A ‘Never-Ending’ Loop of Pain and Psychological Stress

Sahithi Yeturu | SQ Vol. 20 Research Features (2022-2023)


Nearly everyone has experienced an episode of sharp, severe pain, maybe upon getting a cut, breaking a bone, or dislocating a shoulder. This sudden, short-lived sensation is known as acute pain, a physiological response to the brain detecting pain-inducing stimuli, such as tissue damage, inflammation, localized injury, or illness. Acute pain generally lasts less than six months1 and usually resolves naturally through an innate immune response or conservative treatment, such as physical therapy, injections, or chiropractic care. However, one in five American adults develops a more intense and persistent pain that lasts well beyond the typical recovery period of acute pain, involving long-term remodeling of the nervous system2. For people with chronic pain, intense pain signals are triggered in the absence of painful stimuli and lead to hypersensitivity in nociceptors, or pain-detecting sensory receptors. 


Patients diagnosed with chronic pain often struggle with fulfilling daily activities, such as household and workplace responsibilities, as the fear of potentially aggravating their pain can impel them to avoid social and physical activities. These interferences with their personal and professional lives can cause unwanted frustration and reduce their self-esteem, posing a higher risk for comorbid anxiety and depression in chronic pain patients. 


In her literature review, Leslie Ngo, a fourth-year undergraduate at UC San Diego, explores the intricate link between chronic pain and mental health. Ngo, who is majoring in Earth Sciences, aspires to work in the field as a geologist, however, her interest in exploring the pathophysiology of chronic pain and its associated psychological comorbidities stems from her own journey coping with chronic knee pain for the past six years. She faced difficulty with basic movements such as climbing up stairs or walking in between classes, disrupted sleep, and lower energy levels during the day, which gradually took a toll on her productivity and independence. She hopes that her research will improve public understanding of the emotional impact of living with an invisible condition. Ngo’s analysis of the biological intersections between chronic pain and anxiety and depression evidences the importance of interdisciplinary care to comprehensively treat chronic pain.


To develop effective treatment plans for chronic panic, it is important to understand the intricacies of the pain cycle. Pain perception starts at the level of nociceptors, specialized sensory neurons that detect sensory changes from pain-inducing stimuli3. When activated, nociceptors generate an action potential, an electrical impulse caused by the flow of ions in and out of the neuronal cell body, transmitting a signal. Pain signals can be excitatory or inhibitory, and they are carried between different brain structures through a variety of neurons. These signals are facilitated by small signaling chemicals in the brain known as neurotransmitters3. As the signal travels down the nociceptor via the axon terminal, neurotransmitters are released into the synapse, the contact point between two communicating neurons. The ejected neurotransmitters interact with receptors on the postsynaptic neuron, allowing for the transmission of the pain signal.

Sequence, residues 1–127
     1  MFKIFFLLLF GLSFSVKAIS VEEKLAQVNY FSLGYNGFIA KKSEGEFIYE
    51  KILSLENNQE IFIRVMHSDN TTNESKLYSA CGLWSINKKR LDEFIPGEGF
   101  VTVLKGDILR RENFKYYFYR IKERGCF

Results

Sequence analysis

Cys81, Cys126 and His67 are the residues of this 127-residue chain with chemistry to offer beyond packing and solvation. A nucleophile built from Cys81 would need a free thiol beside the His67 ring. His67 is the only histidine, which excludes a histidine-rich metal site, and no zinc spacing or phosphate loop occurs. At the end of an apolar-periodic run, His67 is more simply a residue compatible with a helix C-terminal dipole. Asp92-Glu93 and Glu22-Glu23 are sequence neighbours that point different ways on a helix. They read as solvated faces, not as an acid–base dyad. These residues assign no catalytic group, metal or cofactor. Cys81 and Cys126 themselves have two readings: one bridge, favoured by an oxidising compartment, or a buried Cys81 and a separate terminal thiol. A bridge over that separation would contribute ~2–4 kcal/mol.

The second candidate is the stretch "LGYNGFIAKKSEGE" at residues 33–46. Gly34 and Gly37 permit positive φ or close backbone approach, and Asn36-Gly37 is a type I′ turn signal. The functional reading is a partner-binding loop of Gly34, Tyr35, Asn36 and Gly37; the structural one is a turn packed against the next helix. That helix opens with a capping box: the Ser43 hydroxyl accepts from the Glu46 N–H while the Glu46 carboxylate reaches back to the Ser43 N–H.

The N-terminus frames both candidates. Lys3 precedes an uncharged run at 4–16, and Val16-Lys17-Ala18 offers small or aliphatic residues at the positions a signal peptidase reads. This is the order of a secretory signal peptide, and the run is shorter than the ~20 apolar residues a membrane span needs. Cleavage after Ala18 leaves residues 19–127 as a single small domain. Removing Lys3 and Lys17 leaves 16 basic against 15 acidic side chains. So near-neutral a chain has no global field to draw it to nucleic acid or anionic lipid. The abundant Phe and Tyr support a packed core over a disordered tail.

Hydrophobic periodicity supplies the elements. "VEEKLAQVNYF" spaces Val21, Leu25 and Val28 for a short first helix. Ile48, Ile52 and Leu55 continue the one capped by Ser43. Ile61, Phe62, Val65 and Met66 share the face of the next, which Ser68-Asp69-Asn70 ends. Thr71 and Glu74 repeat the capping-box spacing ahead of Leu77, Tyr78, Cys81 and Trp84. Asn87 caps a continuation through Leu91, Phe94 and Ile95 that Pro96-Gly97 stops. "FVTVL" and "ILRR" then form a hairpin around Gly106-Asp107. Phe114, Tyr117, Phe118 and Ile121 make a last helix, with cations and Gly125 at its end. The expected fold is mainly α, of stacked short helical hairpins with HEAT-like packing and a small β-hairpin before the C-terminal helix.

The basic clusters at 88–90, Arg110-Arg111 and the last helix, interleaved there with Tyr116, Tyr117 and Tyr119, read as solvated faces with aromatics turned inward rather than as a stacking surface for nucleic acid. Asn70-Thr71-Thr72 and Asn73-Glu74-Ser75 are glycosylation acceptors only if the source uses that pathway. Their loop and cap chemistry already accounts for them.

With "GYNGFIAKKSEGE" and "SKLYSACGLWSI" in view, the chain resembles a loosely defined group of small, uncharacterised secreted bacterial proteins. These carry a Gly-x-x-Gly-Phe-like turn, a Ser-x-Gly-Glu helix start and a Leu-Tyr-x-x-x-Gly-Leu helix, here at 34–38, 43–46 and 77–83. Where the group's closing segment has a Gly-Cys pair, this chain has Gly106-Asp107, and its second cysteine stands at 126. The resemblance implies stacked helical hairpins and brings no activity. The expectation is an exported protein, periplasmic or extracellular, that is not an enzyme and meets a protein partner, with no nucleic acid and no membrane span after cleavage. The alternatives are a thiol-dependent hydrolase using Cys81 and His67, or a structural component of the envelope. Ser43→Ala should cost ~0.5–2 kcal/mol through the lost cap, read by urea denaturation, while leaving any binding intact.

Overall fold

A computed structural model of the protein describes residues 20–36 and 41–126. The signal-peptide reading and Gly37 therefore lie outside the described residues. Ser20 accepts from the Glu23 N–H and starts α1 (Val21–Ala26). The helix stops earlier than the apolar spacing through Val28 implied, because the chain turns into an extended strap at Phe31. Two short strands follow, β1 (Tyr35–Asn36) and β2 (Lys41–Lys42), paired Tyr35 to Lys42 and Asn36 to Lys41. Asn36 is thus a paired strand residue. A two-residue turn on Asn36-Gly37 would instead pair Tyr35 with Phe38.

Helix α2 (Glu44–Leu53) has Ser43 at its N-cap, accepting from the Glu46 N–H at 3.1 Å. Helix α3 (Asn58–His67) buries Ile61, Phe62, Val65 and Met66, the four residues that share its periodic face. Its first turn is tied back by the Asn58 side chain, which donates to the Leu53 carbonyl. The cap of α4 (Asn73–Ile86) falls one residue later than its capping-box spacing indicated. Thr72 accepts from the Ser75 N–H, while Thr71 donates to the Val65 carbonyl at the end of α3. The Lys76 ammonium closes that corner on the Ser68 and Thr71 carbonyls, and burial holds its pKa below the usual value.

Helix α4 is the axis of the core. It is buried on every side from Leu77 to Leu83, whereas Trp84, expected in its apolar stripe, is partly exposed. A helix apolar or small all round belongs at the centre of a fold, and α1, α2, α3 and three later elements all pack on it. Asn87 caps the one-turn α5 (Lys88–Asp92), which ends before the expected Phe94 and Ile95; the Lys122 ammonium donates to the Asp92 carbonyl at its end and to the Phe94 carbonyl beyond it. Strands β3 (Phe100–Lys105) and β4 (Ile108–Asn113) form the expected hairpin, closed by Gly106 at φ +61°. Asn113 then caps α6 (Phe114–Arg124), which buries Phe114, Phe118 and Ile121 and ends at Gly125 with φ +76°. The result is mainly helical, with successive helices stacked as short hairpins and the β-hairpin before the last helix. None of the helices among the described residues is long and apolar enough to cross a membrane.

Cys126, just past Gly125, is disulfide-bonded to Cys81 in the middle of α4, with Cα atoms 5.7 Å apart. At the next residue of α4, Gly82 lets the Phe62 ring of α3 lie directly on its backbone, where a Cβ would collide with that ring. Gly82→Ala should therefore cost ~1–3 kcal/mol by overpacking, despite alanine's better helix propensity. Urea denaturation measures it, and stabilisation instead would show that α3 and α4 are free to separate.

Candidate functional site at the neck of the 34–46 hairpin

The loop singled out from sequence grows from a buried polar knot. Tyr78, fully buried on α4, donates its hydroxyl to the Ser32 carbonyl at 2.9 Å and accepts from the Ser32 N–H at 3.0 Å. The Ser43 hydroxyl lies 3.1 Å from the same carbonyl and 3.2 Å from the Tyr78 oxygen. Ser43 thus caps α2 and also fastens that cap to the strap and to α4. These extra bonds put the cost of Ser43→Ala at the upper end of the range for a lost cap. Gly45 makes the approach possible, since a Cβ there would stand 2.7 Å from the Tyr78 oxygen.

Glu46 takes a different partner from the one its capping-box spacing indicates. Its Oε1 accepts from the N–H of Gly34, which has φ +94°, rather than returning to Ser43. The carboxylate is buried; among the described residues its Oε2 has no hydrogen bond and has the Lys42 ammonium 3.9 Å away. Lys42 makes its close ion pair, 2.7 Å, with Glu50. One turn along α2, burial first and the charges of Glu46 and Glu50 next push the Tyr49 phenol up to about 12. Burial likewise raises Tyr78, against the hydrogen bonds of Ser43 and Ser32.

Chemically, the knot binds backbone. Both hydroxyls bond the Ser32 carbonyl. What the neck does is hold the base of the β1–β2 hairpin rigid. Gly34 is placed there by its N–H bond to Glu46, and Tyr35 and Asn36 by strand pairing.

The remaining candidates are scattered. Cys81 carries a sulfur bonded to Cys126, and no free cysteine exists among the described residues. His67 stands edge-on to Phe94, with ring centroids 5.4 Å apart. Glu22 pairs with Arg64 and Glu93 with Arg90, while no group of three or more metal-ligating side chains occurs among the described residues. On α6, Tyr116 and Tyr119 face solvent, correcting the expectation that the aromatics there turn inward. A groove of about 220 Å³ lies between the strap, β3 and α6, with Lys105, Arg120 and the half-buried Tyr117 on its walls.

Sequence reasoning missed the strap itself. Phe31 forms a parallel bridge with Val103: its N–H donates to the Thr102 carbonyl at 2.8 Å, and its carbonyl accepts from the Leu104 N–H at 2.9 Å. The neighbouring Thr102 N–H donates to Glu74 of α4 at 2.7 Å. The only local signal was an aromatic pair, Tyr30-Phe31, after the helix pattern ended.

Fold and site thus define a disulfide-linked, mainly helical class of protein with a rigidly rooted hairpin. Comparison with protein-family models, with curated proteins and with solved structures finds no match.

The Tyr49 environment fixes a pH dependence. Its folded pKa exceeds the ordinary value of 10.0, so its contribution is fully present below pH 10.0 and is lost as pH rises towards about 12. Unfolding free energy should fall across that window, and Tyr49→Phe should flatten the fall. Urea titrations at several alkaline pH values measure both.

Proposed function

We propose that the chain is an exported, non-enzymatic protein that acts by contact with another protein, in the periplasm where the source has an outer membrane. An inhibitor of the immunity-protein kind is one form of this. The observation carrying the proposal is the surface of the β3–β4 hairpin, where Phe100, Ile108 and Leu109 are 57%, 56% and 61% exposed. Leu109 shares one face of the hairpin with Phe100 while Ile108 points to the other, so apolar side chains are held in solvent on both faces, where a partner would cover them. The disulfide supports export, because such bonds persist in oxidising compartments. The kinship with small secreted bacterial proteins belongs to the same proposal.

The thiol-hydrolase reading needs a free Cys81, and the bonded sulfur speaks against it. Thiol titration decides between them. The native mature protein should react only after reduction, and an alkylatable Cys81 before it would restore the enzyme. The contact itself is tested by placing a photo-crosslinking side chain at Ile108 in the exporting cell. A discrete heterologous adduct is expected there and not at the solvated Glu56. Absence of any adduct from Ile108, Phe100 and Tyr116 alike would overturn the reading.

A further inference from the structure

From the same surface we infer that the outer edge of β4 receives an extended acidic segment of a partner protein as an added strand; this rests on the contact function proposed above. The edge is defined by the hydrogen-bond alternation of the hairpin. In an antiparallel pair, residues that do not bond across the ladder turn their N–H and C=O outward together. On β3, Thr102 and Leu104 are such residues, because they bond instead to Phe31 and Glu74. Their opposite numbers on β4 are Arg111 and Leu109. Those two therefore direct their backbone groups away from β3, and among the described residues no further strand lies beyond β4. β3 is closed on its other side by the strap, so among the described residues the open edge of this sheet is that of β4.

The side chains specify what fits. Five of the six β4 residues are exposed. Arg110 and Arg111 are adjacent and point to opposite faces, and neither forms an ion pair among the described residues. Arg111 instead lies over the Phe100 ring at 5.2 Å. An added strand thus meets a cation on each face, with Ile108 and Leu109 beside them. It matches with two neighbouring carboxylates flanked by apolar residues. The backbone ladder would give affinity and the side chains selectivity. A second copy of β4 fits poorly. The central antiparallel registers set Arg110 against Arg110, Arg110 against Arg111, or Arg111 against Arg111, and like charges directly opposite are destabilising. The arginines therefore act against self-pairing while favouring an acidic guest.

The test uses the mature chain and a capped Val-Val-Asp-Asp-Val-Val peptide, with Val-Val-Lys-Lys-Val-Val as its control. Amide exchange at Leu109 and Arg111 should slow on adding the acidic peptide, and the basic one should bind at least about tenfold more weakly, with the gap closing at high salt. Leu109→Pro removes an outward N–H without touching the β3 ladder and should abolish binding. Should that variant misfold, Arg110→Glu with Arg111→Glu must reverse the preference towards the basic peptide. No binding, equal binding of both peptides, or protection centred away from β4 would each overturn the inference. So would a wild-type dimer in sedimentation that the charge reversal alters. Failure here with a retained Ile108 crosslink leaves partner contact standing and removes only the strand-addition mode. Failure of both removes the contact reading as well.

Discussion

After the sensory stimulation of a nociceptor, signaling is dictated by two separate pathways: ascending and descending. The two pathways are a pivotal part of the central nervous system (CNS), the neuronal network within the brain and spinal cord connecting sensation with perception. The ascending pathway starts when nociceptors send a neuronal signal that travels to the dorsal horn of the spinal cord to process the somatosensory signals. The neurons carrying the signal branch off, and the pain signal ascends through nerve fibers in the brain stem, eventually projecting to the thalamus. The thalamus serves as a sensory relay station in the brain, sending the signals to the primary and secondary somatosensory cortices (S1 and S2) that work together to process and store experiences, such as the emotions associated with the pain4. While the ascending pathway primarily helps with processing pain signals, the descending analgesic pathway uses the periaqueductal grey area (PAG) in the brain to help regulate the intensity of these pain signals. Stimulated PAG neurons activate serotonin-releasing neurons, which project onto inhibitory neurons in the dorsal horn5. Activation of these inhibitory neurons causes the initial pain signal to be suppressed, reducing the pain sensations.


Neurotransmitter release into the synaptic cleft is vital for neuronal communication and signaling. In her review, Ngo focuses on two particular neurotransmitters—glutamate and GABA—that are vital in pain perception and anxiety. Glutamate, an excitatory neurotransmitter, binds to ion channels on the membranes of nociceptors involved in the ascending pathway. Because glutamate is excitatory, higher levels of glutamate can lead to rapid unwanted neurotransmission of pain. On the other hand, excitatory signaling within nociceptive neurons is partially inhibited by GABA, which interacts with receptors within the dorsal horn to gatekeep pain signals from nociceptors from connecting to the CNS6. Reduced GABA activity in the dorsal horn allows pain signals to enter the CNS, triggering neuronal sensitization. In addition to its role in the descending pathway, GABA is also involved in regulating emotional networks. Within the amygdala, the brain region that integrates emotions and behavior, GABA-producing neurons decrease pain-associated fear. Studies also point to higher amygdala activity in subjects with depressive disorders, highlighting the biological overlap between emotion and pain processing that are crucial to consider when forming a treatment plan for chronic pain7